Hickman County TN
We too are Hickman Countians by choice. The road here was convoluted, but in retrospect, it was meant to be. In 1990 we began to realize that retirement was looming for us and though we thoroughly enjoyed living in the Washington, DC area, we also knew that was not where we would retire. We had two main goals in retirement: live in and rural area and live near one child. Daughter in CA was still moving back and forth to the East Coast every other year. Son was settled in TN, swearing allegiance forever to his adopted TN home. Understanding the economics of living in CA versus TN (or the East coast), it was an easy decision to choose TN.
In 1993 we began looking in earnest for “pretty land” within an hour of Nashville. By 1995 we had begun to despair of finding just the right place. In 1995 following our annual visit to our son and in family (they lived just west of the Tennessee River) we decided to take country roads south of I-40 and end up finding the highway home in Nashville. Mousetail Landing State Park was just lovely. It made us want to rent a cabin and boat and stay awhile. Heading east, we took old Hwy. 50 East, first through Coble. The charming little store there provided our lunch and a chance to look around. Then continuing east we saw the gorgeous rolling hills and hollers and decided that wherever we were, that was where we wanted to find our final home. Coming into a little town we saw a real estate office just across from the county courthouse and went in. It was then that we learned that we were in Centerville, the county seat for Hickman.
The real estate agent showed us one piece of land…nice enough, but no trees. Another piece of land required 4-wheels to get up in it so we had to be content to drive by. The brush was so high, it converged on our car from the top and both sides. We found where we wanted to live only to be disappointed to know there were only 2 pieces of land between 50 and 100 acres for sale in Hickman County. We sadly returned to our east coast home.
Thanksgiving found our son and his wife visiting with us. Talking about our disappointment in finding land, we asked our daughter-in-law to help us. After all, she was a native and her mother had grown up in Dickson. We gave her our priority list: 50-100 acres, pretty land, hills and valleys, water (preferrably a creek and a spring), forest and meadows, all within an hour of Nashville. Much to our surprise, she called the very next weekend and said she had found the place we wanted. In December the brush had lost its leaves and with her 4-wheel drive truck was able to visit this place. It was the very land we had been unable to see the past July.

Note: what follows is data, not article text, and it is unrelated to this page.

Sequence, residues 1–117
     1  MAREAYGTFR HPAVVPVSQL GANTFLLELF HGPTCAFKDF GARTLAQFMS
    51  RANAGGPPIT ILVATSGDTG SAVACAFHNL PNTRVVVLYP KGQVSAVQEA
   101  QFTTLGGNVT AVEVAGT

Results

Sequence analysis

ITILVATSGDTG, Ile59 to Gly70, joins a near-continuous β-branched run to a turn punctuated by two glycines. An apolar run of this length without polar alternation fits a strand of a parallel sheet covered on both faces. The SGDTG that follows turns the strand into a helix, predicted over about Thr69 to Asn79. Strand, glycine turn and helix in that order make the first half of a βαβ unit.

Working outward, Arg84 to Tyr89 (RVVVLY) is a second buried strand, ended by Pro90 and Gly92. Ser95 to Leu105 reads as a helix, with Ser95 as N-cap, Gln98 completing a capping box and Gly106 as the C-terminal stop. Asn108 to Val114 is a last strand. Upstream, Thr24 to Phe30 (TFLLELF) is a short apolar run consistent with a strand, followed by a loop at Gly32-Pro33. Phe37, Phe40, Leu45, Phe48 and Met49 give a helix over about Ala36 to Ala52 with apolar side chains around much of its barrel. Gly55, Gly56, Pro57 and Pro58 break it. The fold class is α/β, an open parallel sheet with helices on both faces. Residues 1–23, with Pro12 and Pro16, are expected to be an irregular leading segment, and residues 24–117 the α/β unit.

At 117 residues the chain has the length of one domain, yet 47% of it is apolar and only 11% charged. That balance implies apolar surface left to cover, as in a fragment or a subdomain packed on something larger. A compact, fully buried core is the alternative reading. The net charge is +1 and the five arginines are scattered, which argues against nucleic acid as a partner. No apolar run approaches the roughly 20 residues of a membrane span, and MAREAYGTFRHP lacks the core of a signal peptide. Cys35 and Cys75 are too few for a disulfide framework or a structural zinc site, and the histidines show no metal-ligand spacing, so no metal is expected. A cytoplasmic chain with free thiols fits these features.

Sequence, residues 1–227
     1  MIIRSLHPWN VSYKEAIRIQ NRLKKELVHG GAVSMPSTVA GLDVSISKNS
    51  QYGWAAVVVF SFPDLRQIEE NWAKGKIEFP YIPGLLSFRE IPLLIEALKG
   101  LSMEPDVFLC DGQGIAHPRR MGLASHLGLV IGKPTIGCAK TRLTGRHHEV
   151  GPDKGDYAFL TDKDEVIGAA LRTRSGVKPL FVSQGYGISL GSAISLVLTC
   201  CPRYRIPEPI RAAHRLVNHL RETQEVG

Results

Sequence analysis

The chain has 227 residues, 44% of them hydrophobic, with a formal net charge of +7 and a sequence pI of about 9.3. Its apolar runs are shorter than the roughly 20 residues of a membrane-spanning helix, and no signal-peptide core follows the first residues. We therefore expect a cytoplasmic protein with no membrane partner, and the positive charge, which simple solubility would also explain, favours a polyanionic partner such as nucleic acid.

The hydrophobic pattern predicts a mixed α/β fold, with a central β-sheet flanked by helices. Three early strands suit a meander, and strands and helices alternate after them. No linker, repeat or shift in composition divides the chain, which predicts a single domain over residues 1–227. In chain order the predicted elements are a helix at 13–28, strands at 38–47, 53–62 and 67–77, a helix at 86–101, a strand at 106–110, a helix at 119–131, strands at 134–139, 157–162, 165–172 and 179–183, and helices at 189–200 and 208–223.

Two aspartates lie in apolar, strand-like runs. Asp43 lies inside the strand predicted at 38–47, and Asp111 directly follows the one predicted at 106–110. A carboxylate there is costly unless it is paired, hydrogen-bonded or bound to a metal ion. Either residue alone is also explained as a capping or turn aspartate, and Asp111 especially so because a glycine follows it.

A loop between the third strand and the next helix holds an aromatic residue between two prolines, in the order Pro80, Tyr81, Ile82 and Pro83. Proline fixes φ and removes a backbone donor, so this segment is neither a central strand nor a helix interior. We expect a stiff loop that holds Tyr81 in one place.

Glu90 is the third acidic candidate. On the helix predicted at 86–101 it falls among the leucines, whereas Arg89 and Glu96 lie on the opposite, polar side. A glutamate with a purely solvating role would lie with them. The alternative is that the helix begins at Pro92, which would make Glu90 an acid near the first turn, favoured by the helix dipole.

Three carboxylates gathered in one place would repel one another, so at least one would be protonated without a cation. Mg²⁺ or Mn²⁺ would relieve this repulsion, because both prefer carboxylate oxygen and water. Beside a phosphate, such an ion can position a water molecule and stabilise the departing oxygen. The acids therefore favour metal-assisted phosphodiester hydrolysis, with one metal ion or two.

Our son pronounced the land pretty; our buyer’s agent said it was what we had been looking for; our daughter-in-law was thrilled that it fit every criterion we had established. We bought the land sight unseen. Diverting from a business trip to Atlanta, I signed the papers in March of 1996. We didn’t move here until 2000, but well before that our son and daughter-in-law had built a house and moved in! With their children and grandchildren nearby, we have become a multi-generational Hickman County family, just like all the natives! It just took just took us a few years to find Valhalla!
Having come from a DC suburb to Hickman County, one of the most precious things…
- An absence of sirens, noise of traffic.
- The abundance of wildlife, including birds. We can entertain ourselves endlessly with the antics of the birds and wildlife around here.
- The beautiful vistas from nearly every corner of our Valhalla (that is the name we have given our property…more on that later).
- Since I am originally from Louisiana, southern cuisine was not a surprise. However, comparing some of the differences in southern cuisine is a continuing discussion at our house. For example, in LA we ate red beans and navy beans; we didn’t know what “white beans” were.
- Our neighbors are wonderful people, talented, intelligent, fun.
- Sitting on our back deck we see horses (our son’s) peacefully grazing and views into the distance that are breathtaking.
- Told we’d never be a part of the community because were “weren’t from here” proved to be untrue. We are fully integrated into the community and love having friends from young to old, rich to poor and everything inbetween. We love the feeling of being a part of things here.
- The spirit of caring for each other is alive and well. Note all the home-grown fund-raisers for children with cancer, folks in accidents, not to mention the coming together after the 2010 flood.
- The peaceful and safe feeling we have here. In the DC area we always locked our car doors and hoped no one would knock out a window and steal our car anyway. Here you can leave your car running while you skip into the grocery store and fully expect it to be sitting right in place when you return.
- I sort of like it that Hickman County and all its blessings are a well-kept secret. We are a little like the Scottish highland town of Brigadoon (a musical from the 1950’s) which comes alive once every 100 years, snags some more citizens and then settles back in to a somnolent peace. I’m just glad we were snagged!
Oh yes, Valhalla is the place where Norse gods go after death. They have a beautiful place to live and plenty of food and drink so there is much happiness there. Have you ever heard the expression “I’m so happy that I thought I had died and gone to heaven?” Well, that’s the idea of Valhalla.